In the field of diagnosis and treatment, AR and VR can be used to visualise medical data in a more intuitive and understandable way. For example, doctors can use VR to visualise medical images such as X-rays, computed tomography scans and MRIs in real time, enabling them to detect abnormalities or pathologies more quickly and effectively.
In addition, AR and VR can be used to improve rehabilitation and therapy of patients. For example, VR can be used to create virtual environments that simulate real-life situations, allowing patients to exercise in a more engaging and motivating way. In addition, AR can be used to create educational and interactive games for patients, helping them to better manage their illnesses and acquire healthier habits.
AR IN THE HEALTHCARE CONTEXT
Overlaying images in AR, set in the healthcare context, will be crucial for interactive emergency maps. Indeed, mobile apps connected to smart glasses, tablets and smartphones will help locate a nearby hospital, emergency room or pharmacy more quickly.
With immersive technologies, the doctor will be able to have a personalised approach to the patient. In fact, these solutions give him the possibility to explain in a practical and visual way to his patients:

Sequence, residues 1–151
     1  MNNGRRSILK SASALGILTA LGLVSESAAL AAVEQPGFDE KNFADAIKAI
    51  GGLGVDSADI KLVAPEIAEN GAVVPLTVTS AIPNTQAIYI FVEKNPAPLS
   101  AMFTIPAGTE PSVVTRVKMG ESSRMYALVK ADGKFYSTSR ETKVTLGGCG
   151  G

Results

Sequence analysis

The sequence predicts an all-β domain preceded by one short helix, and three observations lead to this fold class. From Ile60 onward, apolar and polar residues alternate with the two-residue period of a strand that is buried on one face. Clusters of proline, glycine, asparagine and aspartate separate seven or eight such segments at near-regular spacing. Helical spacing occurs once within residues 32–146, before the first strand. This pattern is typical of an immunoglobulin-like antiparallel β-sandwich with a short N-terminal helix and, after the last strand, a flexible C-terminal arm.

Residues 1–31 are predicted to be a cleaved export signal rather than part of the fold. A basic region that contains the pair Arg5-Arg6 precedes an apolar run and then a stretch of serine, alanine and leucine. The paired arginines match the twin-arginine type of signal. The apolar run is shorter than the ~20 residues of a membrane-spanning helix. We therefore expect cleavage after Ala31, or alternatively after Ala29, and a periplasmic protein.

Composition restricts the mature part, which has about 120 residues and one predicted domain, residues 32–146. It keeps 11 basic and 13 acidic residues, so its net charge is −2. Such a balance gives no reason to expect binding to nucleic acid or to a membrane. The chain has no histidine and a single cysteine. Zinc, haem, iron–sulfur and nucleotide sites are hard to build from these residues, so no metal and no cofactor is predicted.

- Modalities for performing the operation
- Post-operative steps
- Faster rehabilitation
The information that is shared using Augmented reality will be more comprehensible than with traditional communication methods. This will affect both the doctor-patient relationship and the collaboration between experts. In fact, there will be concrete interaction and support in surgical procedures as well as in the diagnosis and treatment of pathologies.
VR IN THE HEALTHCARE CONTEXT
Below are some of the most significant applications, software and solutions concerning the use of virtual reality in the healthcare context:
XRHealth: the virtual clinic that turns therapy into play
On the subject of hospital facilities, RHealth offers the XRHealth virtual reality clinic for patient therapy. The solution combines therapy software with VR technology to treat a variety of health conditions. VR therapy transports patients into an environment where they can see and experience treatment as a ‘fun activity’: the aim is to increase adherence to treatment.
Patients are provided with a VR visor, explained how to use the technology and receive continuous remote assistance and monitoring using video calling and VR technology.
SnowWorld: VR to alleviate the pain of burns
It is designed to reduce pain in severely burnt patients, suffering that is particularly pronounced during dressing changes.
The technology used is based on the fact that pain perception has a strong psychological component. An incoming pain signal to the brain can be interpreted as more or less painful, depending on what the patient is ‘thinking’.